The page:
What About Security?

But What About Security? ... Health Informatics

The campaign for electronic medical records and electronic health records is in full swing. The proposed high tech healthcare legislation as well as major components of the stimulus package guarantee dramatic, and possibly traumatic movement in these fields.

While the economic benefits are profound, successful implementation will place tremendous demands on our best and brightest in information assurance and IT security. The Weekly Standard has already cited Title IV as a "Trojan horse" which will give government bureaucracies vast control over modern medical technologies.

What is most important to understand is that health IT will be all-pervasive. Every device imaginable is being designed for wireless data transmissions to improve accuracy and efficiency.

These changes will put IT security center-stage in virtually all health organizations.

Over the last decade HIPAA has successfully redefined the role of IT security in the health professions. However, its myopic focus on data privacy has left most organizations ill prepared for the full impact of electronic medical records.

This one-day workshop begins to fill the gap and outlines the critical and sometimes life and death issues that health systems will now confront.

While the goals of IT security have long been stated as confidentiality, integrity and availability (the famous CIA), integrity and availability have been short-changed in a HIPAA centric world.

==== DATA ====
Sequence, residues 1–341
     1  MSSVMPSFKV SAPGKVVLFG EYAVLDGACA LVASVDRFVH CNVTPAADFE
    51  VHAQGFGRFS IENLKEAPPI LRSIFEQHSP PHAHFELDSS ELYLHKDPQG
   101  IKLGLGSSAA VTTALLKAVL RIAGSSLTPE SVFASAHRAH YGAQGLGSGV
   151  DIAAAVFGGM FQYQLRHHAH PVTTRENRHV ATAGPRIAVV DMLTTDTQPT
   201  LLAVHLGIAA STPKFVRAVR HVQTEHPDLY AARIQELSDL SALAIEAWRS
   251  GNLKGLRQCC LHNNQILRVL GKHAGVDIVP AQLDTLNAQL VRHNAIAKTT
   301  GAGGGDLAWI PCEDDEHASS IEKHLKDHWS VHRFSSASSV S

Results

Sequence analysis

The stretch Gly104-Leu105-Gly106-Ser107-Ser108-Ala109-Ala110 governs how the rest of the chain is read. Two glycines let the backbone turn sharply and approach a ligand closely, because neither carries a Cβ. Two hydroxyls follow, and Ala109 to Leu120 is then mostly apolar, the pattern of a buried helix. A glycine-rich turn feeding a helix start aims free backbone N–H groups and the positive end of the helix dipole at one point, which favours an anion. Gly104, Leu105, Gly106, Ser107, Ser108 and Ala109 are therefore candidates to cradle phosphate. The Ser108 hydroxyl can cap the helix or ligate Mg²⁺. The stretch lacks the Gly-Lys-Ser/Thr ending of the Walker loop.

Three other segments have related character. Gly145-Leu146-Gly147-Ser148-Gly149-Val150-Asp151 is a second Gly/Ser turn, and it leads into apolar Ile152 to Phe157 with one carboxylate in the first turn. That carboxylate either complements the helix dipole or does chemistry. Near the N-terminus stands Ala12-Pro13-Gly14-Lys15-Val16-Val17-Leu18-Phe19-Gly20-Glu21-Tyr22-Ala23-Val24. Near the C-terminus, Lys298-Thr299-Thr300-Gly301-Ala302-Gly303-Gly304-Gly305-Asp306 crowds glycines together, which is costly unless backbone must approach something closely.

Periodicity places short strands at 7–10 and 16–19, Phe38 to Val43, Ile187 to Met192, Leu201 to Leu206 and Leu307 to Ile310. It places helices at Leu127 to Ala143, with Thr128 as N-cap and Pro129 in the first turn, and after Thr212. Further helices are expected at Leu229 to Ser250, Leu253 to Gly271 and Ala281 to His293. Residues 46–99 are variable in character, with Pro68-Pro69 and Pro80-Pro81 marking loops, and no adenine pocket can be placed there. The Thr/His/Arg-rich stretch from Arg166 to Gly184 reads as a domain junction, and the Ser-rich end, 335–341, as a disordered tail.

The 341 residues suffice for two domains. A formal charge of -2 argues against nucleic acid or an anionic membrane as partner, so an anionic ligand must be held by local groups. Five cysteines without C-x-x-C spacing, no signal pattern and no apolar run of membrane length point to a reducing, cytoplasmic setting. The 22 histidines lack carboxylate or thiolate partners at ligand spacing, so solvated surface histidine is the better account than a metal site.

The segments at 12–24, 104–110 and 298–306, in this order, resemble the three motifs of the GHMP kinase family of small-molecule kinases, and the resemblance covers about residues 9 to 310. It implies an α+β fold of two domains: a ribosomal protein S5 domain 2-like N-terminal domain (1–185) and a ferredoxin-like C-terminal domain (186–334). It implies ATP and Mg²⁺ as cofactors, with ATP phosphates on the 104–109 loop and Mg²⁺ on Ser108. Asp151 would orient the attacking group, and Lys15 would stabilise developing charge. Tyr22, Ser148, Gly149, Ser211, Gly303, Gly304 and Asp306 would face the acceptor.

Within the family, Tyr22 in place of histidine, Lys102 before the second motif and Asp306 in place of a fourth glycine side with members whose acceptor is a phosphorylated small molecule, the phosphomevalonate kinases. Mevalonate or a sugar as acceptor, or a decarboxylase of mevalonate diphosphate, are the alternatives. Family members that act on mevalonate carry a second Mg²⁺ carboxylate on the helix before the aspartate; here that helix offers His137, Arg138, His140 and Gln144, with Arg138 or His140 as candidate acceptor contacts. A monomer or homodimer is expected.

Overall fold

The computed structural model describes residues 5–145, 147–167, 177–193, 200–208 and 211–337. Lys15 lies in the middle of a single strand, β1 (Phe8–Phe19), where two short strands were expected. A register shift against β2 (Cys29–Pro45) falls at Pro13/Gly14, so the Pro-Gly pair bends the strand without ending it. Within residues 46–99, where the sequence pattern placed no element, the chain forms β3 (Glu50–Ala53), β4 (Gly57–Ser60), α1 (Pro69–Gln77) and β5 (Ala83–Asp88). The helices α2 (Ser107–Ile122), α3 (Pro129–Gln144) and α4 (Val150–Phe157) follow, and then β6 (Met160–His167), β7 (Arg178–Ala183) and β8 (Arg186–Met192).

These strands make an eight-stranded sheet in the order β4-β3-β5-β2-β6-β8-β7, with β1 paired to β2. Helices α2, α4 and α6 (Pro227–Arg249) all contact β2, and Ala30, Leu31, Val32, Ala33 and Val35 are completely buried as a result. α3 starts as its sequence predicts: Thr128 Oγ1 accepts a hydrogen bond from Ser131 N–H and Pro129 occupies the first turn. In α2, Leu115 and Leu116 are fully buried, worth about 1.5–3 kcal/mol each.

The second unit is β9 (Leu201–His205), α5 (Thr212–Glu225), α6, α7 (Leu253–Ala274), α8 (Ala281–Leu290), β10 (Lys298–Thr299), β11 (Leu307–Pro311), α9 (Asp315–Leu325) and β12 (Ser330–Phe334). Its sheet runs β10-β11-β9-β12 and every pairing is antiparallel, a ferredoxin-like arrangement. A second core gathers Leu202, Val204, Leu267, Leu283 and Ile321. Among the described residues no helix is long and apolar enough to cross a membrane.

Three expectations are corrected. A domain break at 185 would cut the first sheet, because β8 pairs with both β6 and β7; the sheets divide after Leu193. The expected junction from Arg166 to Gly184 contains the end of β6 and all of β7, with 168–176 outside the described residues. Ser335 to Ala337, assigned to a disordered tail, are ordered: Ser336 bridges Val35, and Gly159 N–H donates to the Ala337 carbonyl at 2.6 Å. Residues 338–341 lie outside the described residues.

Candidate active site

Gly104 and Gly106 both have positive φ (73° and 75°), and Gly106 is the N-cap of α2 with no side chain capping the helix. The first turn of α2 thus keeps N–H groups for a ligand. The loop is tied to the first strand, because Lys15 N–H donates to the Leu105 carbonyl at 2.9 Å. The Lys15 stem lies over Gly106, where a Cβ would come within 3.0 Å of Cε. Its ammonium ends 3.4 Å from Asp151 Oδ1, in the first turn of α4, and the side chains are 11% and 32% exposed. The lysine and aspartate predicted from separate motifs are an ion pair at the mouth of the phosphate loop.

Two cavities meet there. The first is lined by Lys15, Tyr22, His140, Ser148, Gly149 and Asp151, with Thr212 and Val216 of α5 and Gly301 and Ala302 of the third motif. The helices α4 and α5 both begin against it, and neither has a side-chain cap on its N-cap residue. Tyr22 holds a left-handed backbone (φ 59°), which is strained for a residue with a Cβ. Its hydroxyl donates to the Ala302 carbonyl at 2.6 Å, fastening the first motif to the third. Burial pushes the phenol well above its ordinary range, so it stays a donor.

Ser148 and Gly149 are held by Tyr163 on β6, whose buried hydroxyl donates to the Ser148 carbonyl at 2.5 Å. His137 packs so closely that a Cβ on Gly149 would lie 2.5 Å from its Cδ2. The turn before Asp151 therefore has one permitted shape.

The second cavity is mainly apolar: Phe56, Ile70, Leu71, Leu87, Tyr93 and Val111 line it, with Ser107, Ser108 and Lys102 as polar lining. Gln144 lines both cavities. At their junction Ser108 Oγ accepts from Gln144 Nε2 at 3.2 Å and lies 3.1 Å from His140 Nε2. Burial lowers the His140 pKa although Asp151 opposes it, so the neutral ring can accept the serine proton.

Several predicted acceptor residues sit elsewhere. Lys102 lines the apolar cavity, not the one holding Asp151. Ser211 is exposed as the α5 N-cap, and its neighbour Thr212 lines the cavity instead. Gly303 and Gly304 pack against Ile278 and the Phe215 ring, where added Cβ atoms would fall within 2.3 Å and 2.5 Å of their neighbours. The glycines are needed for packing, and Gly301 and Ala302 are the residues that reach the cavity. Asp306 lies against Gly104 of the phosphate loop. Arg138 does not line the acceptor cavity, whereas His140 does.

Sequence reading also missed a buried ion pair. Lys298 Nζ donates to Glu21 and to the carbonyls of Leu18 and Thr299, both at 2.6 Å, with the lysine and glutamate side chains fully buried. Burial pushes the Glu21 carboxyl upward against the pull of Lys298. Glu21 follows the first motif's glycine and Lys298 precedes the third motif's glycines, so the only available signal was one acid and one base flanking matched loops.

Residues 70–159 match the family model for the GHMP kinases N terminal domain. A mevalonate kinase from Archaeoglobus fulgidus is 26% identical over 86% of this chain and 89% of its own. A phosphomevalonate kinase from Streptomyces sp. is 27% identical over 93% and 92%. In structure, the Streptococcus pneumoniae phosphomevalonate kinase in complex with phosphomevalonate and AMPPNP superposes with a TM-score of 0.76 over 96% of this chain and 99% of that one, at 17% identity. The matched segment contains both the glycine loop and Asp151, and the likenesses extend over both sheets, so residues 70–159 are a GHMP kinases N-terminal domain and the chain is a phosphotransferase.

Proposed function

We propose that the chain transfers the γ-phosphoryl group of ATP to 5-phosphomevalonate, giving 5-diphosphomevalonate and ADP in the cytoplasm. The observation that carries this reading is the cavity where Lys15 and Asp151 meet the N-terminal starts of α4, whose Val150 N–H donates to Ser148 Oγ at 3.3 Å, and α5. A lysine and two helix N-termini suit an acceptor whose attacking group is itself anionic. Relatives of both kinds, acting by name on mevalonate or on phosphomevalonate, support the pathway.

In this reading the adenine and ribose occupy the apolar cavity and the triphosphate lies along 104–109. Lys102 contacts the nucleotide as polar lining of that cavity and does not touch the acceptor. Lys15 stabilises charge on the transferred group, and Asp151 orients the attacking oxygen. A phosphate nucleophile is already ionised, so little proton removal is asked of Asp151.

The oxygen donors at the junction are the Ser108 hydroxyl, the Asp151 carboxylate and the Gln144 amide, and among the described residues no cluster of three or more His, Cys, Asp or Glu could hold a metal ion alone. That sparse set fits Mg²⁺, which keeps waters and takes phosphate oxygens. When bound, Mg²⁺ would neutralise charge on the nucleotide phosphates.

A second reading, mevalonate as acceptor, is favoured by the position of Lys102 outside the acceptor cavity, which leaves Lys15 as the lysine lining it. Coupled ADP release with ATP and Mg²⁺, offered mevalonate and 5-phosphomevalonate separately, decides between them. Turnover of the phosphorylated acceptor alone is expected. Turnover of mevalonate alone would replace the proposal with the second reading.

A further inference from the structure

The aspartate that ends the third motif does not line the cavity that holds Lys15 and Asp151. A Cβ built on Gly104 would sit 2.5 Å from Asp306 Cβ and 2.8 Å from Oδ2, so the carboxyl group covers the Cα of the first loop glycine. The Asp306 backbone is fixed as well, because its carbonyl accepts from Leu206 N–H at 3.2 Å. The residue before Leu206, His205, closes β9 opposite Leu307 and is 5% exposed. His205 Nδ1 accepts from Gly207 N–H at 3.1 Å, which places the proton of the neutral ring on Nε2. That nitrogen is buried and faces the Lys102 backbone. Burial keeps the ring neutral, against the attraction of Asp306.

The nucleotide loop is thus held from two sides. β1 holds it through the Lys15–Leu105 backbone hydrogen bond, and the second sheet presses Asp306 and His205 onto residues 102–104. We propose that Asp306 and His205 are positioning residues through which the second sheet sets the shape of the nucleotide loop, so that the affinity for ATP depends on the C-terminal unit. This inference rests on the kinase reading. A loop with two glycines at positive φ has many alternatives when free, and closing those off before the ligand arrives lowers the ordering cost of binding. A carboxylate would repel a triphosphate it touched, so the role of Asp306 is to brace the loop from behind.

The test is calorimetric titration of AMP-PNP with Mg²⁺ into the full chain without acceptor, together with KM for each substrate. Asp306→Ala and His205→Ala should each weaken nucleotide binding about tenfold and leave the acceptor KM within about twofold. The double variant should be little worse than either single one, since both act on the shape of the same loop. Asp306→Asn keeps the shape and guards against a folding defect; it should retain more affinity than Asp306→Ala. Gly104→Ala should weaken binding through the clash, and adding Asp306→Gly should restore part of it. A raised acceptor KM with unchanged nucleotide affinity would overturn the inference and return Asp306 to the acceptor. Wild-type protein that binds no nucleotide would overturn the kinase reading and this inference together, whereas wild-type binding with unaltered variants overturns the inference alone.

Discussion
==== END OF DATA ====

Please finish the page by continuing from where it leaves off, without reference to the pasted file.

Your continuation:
Data replication, data normalization are vital issues as massive arrays of data are assembled for individual medical histories. The replication of this data for backup and archives as well as its concurrent use in multiple environments means that keeping data synchronized is a central ingredient for successful and safe systems.

Further, identifying and authorizing data sources becomes a critical issue. Who writes to which records and how do we maintain an audit trail to validate the accuracy and integrity of the submitted information?

Availability is typically assured through backup and recovery strategies. The sustainability of these critical information flows must address internet outages, power outages, disk failures as well as malicious assaults through DDos and viral outbreaks.

IP3, Inc.'s current PGA initiative focuses attention on policy gap analysis. While organizations strive to govern their information assurance and security initiatives through a policy driven framework, it's clear that there are fundamental gaps in current policies. If PCIDSS (another security burden on health providers who accept credit card transactions) the specific policy driven compliance requirements may fail to properly address data leakage through VoIP (Voice over Internet Protocol) channels.

IT security professionals in healthcare industries will face all of these challenges and more. Transitioning to IPv6 and integrating VoIP and wireless systems will be necessary as a vast array of new medical technology is deployed to post diagnostic data directly to the information system without the need of human transcriptions. These new technologies will certainly reduce the risk of human error in the writing and recording of information, but human error can also disrupt a network or overwrite essential data. This one-day workshop seeks to provide HIM Professionals and other health information systems professionals with a solid foundation for addressing the comprehensive challenges of providing confidentiality, integrity and availability across our new technology platforms.